According to Jean-Paul Jaegers, head of asset allocation at Barclays Wealth & Investments, concern about the central banks’ selling point is soaring.
Major central banks around the world have been tightening monetary policy and raising interest rates to try to contain runaway inflation in recent months.
However, some stock markets staged a slight recovery last week on hopes that the substantial rate hikes already in place would mark the peak of aggressive tightening by policymakers as they walk a tightrope slack between containing inflation and a backdrop of slowing growth in many major economies.
When asked if the market had a “dangerous concern about the point of hawkishness” – or when central banks stop raising rates – Jaegers said: “Yes, it probably is. We actually think, reading the economic data recently, I think it’s probably too early.”
European markets were mixed on Monday and U.S. stock futures entered cautiously positive territory as investors braced for a deluge of corporate earnings and looked ahead to the Fed’s monetary policy decision on Wednesday.
However, Jaegers predicted that it may be months before central banks are comfortable enough with the path of inflation to take their foot off the pedal from monetary policy tightening.
“We see now that as investors we’ve been talking for a long time about the stagnation scenario, so activity is slowing down and inflation is actually quite sticky. We see that inflation remains quite stubborn and more rooted in some elements,” he told CNBC. “Squawk Box Europe” Monday.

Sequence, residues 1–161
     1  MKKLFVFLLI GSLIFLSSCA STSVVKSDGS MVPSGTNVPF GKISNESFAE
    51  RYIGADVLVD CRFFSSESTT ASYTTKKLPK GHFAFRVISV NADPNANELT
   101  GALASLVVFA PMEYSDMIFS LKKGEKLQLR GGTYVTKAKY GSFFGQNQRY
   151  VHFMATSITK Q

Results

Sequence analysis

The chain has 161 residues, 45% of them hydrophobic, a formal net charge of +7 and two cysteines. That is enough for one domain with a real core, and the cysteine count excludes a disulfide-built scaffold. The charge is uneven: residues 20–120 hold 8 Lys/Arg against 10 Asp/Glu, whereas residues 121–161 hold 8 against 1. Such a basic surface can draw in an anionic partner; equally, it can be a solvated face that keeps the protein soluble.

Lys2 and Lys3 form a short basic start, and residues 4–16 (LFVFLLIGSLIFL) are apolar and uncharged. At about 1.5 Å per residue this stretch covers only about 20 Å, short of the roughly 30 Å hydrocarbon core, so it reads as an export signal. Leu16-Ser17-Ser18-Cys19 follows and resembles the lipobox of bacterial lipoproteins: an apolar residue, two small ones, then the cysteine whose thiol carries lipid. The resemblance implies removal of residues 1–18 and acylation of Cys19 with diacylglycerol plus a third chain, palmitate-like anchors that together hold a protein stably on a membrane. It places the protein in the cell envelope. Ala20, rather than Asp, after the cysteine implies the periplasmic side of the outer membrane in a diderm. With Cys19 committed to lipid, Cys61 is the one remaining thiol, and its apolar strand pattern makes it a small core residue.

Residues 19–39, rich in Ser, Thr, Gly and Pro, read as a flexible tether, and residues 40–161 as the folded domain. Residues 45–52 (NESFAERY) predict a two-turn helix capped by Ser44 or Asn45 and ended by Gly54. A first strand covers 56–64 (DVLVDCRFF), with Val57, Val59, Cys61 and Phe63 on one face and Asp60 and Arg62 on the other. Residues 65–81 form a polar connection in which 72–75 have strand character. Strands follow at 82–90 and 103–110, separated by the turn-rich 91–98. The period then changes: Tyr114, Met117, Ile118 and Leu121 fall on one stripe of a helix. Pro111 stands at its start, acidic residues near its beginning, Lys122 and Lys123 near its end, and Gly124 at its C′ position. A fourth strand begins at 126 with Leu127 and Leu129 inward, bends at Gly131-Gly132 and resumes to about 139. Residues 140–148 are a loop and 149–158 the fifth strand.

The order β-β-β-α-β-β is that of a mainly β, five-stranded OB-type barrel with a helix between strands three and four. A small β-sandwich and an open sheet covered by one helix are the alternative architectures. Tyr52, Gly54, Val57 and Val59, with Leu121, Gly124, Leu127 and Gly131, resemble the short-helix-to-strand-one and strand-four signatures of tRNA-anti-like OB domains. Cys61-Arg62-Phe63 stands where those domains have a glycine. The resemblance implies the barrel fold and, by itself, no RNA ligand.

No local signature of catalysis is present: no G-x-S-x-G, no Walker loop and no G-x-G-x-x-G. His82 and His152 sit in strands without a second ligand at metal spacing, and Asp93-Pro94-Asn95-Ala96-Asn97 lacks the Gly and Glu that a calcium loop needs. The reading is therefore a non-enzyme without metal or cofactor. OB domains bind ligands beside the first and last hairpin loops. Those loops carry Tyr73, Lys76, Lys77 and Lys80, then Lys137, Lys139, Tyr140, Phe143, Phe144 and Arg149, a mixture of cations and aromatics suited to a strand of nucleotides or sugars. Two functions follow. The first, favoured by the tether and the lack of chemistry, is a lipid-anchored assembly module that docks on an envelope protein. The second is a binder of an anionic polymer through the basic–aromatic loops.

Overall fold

“We think they [central bankers] They’re going to need a little bit of time for the inflation to really die down and for them to feel comfortable putting their foot on the pedal … that’s going to take a few months when they’re comfortable enough with the inflation.”
For financial markets, however, this eventual pivot may offer an opportunity, he suggested.
“Especially what we’ve seen with the equity markets and particularly with the fixed income and credit markets so far this year, the declines have been quite significant, so I think there will be some relief for investors if they think inflation has occurred. it occurred to some extent,” Jaegers said.
The European Central Bank became the latest to begin its tightening cycle, surprising markets on Thursday with a larger-than-expected 50 basis point hike in interest rates, with inflation the euro zone at a record 8.6%.
However, the continent faces multiple external shocks weighing on growth, notably the war in Ukraine and concerns over energy supplies, along with renewed political turmoil in Italy.
“The economic context in Europe has deteriorated quite a bit and then also the clouds with Italy and a war on its doorstep make it a very complicated picture for Europe,” Jaegers said.
“We actually think Europe is going into recession and the ECB will probably find it very difficult to raise policy rates enough in the face of slowing economic growth.”
The US Federal Reserve is expected to opt for a second consecutive hike of 75 basis points this week, with inflation at 9.1%. However, PMI readings and US employment figures last week also indicated a slowdown in economic activity.
Jaegers also expressed concern about recession risks in the US, as interest rates, which started the year between 0 and 0.25%, are expected to reach 3.5% by end of the cycle, along with a very strong dollar and other tightening financial conditions. .
“So in the last few weeks we’ve become more cautious with these assets and more comfortable with having more duration risk, so more government bonds, in client portfolios. We think it’s very difficult from here that rates of long-term interest really go up, and that also accounts for Europe,” said Jaegers.